Why did I choose this fragment and place?

I chose Madeleine for many reasons. It was the area I lived in when I first arrived to Paris, many years ago. It was also a place, a neighborhood, important to Cortázar. And last, because of its name, which, to me, it is typically Parisian and Proustian, something Cortázar liked so much.

Jérôme Dulou, Spanish Teacher. French. Chosen place: Place Levinas, in between Rue de Tournefort and Rue de l’Estrapade

Chosen fragment:

On the corner of the Rue Tournefort Oliveira realized that he still had the cigarette butt between his fingers, extinguished by the rain and half melted away. Leaning against a lamppost, he lifted up his face and let the rain wet it all over. That was so nobody could tell.”–Hopscotch, Chapter 23, Julio Cortázar

Why did I choose this fragment and place?

I chose this fragment because it is the first time when Horacio feels a slight sense of happiness after leaving Berthe Trépat at her place, in Rue de l’Estrapade. Leaning against a typical Parisian lamppost, Horacio experiences the complexity of his emotion. He still does not accept to be taken away by what could reconcile him with humanity. He hides his tears of joy by mixing them up with the raindrops falling in his face. I have immense fascination for authors, like Cortázar, that succeed in delving in the complexities of human emotions and relations. It helps me to live mines.

Julio Silva Artist and Cortázar’s best friend. Argentinean. Chosen place: Cortázar’s grave at the Montparnasse cemetery. The sculpture that decorates the tomb was made by Silva and chosen by Cortázar himself just months before his death.

Why did I choose this fragment and place?

It is a place I frequently visit when longing finds shelter in my memories.

Luisa Valenzuela Writer. Argentinean. Chosen place: Café Au Chien qui Fume

Chosen fragment:

And while somebody explains something as always, I don’t know why I am in this café, in all cafés, in the Elephant & Castle, in the Dupont Barbès, in the Sacher, in the Pedrocchi, in the Gijón, in the Greco, in the Café de la Paix, in the Café Mozart, in the Florian, in the Capoulade, in Les Deux Magots, in the bar that puts its chairs out on the Colleone square, in the Café Dante fifty yards away from the tomb of the Scaligers and that face on a pink sarcophagus that looks as if it had been burned by the tears of Saint Mary of Egypt, in the café across from the Giudecca, with aged and impoverished marchionesses drinking a tiny tea and getting expansive with dusty ambassadors, in the Jandilla, in the Floccos, in the Cluny, in the Richmond, in Suipacha, in El Olmo, in the Closerie des Lilas, in the Stéphane (which is on the Rue Mallarmé), in the Tokio (which is in Chivilcoy), in the Au Chien Qui Fume, in the Opern Café, in the Dôme, in the Café du Vieux Port, in cafés anywhere…”–Hopscotch, Chapter 132, Julio Cortázar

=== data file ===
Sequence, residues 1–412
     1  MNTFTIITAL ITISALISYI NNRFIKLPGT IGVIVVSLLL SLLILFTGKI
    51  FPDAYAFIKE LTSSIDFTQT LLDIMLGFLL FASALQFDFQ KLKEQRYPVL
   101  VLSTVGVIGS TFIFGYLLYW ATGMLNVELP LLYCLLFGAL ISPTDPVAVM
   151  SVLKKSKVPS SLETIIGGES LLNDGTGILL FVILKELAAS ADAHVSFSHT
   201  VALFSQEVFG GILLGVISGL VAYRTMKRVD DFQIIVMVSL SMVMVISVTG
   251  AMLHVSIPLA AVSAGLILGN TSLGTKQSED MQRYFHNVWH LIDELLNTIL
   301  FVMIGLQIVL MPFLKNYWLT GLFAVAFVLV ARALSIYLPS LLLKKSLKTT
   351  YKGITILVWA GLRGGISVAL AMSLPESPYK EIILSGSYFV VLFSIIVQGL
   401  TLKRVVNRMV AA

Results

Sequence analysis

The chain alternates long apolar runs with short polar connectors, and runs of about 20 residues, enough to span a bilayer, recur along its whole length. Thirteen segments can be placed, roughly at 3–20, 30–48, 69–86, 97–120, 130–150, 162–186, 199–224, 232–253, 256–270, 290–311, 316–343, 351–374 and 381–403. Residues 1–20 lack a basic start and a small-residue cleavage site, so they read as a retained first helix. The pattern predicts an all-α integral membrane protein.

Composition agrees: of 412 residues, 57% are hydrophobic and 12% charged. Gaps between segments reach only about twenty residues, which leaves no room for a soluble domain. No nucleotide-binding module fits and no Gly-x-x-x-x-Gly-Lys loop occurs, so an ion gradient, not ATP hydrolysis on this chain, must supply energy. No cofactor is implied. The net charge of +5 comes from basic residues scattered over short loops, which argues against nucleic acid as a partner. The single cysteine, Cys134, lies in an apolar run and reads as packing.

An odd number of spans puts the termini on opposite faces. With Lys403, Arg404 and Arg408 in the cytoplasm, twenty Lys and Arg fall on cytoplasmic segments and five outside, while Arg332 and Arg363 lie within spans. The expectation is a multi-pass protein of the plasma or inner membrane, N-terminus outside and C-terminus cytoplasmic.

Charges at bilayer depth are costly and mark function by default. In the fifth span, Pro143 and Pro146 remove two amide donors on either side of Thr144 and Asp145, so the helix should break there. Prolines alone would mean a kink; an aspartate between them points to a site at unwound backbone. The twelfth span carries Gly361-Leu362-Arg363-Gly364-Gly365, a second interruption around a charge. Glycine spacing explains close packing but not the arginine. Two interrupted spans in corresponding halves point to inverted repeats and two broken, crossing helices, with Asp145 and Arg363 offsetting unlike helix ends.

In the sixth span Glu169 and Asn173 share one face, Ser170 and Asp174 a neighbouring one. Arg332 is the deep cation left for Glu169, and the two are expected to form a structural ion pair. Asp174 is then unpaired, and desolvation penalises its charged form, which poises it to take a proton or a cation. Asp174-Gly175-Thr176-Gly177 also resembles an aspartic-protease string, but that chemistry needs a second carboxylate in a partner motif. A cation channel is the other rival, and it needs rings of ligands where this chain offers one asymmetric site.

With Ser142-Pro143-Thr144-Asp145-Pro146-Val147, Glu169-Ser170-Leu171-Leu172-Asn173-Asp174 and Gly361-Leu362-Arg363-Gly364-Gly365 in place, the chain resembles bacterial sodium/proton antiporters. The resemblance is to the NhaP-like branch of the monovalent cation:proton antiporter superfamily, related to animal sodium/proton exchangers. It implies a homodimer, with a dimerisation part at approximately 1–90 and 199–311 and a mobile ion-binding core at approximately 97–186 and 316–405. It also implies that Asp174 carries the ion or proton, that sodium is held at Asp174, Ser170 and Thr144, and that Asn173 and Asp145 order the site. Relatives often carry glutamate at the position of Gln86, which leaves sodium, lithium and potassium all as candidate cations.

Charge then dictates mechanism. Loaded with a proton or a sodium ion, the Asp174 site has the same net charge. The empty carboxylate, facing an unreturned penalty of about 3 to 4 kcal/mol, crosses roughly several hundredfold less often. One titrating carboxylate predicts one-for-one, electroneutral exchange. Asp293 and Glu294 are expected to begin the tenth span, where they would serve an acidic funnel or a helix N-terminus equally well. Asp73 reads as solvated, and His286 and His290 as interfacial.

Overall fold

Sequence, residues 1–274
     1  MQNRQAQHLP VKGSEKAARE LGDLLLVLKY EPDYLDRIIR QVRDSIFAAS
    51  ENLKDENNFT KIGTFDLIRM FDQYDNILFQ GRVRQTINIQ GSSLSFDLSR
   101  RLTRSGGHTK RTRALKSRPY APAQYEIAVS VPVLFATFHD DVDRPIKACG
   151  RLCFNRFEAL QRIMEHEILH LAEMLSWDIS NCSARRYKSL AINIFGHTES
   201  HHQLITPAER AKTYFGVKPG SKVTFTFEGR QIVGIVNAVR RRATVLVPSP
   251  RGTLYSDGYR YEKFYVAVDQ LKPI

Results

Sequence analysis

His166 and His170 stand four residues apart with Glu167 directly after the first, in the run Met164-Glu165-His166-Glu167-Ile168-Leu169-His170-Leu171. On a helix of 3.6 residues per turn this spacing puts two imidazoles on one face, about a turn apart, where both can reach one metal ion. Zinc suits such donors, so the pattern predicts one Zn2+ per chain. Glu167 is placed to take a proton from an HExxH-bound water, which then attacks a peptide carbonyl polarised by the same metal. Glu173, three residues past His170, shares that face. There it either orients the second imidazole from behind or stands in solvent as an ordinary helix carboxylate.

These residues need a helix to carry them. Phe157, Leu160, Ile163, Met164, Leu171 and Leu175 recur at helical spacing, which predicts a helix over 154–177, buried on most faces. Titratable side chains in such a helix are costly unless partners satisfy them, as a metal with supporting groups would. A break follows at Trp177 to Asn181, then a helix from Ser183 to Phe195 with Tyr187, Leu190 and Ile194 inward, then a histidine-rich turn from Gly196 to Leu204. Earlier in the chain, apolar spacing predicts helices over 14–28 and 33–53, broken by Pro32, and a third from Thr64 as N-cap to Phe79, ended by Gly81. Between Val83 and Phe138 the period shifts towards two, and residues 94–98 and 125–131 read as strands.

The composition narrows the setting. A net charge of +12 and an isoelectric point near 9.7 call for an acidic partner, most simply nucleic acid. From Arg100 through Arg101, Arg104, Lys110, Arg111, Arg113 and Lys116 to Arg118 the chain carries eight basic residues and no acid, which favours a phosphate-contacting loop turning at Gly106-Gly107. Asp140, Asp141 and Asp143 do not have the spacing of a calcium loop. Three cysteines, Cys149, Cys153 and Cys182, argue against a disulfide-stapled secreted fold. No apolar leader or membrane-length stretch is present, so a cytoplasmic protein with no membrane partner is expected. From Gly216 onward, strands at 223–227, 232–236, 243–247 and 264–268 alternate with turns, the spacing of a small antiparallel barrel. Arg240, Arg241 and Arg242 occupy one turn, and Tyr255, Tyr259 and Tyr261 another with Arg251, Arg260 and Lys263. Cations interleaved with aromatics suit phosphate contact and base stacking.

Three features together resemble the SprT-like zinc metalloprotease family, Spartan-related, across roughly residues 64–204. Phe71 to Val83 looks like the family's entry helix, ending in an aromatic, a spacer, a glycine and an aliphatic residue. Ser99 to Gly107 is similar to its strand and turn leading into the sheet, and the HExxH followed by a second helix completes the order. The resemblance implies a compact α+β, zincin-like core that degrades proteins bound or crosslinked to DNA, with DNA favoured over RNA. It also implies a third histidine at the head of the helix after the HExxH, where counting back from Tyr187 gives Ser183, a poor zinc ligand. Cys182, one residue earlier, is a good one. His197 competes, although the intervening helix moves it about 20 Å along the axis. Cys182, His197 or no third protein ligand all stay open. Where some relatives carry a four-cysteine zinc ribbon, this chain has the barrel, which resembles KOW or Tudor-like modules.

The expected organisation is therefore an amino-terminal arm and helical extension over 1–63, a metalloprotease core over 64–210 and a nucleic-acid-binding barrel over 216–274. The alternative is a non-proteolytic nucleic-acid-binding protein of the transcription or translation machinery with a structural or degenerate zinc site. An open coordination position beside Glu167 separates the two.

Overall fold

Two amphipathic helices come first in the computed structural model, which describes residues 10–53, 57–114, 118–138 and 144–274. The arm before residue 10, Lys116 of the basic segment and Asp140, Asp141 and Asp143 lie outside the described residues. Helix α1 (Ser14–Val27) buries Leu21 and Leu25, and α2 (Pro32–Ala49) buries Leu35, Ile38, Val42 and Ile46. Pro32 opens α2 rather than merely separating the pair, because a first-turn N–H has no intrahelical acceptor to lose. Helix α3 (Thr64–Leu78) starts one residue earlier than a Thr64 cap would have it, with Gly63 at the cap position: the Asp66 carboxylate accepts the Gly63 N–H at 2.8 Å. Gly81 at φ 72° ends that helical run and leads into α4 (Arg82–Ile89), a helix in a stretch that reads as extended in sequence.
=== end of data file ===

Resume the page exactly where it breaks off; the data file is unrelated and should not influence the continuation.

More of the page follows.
Why did I choose this fragment and place?

I chose the “non-place” of mirrors, omnipresent in all Parisian cafés to multiply people and space (and this for our joy, despite what the heresiarchs from Tlön might think). Julio Cortázar loved crystals and reflections. “On est mieux ici qu’en face” (“We are better here than across the street”). This legend is often found above the entrance of parochial French cafés facing a cemetery. Maybe Cortázar had the same opinion, but he condemned many of his characters to be trapped in the mirror world: the distant Alina Reyes; the faced-up motorcyclist; the one fascinated by the axolotl. I chose to stay on this side so I could write this epigraph to honor Cortázar. Mirroring him.

Marcela Vivar, Visual artist and photographer. Argentinean. Chosen place: Montsouris Park

Chosen fragment:

Oh, Maga, whenever I saw a woman who looked like you a clear, sharp pause would close in like a deafening silence, collapsing like a wet umbrella being closed. An umbrella, precisely. Maybe you remember, Maga, that old umbrella we sacrificed in a gully in Montsouris Park one sunset on a cold March day.”–Hopscotch, Chapter 1, Julio Cortázar

Why did I choose this fragment and place?

If we order them chronologically, the first reason for which I chose this fragment comes from the first time I read Hopscotch. Back then I had already decided to stop using umbrellas altogether, so the description of sacrificing an umbrella impressed me and got engraved in my memory. The second reason is literary; the image that Cortázar builds is beautiful. Finally, the last reason, and probably the most important one, is that when I first visited Montsouris Park I did it together with a person I loved very much. We walked around the park discussing the famous scene of the sacrificed umbrella. Needless to say, it rained that day.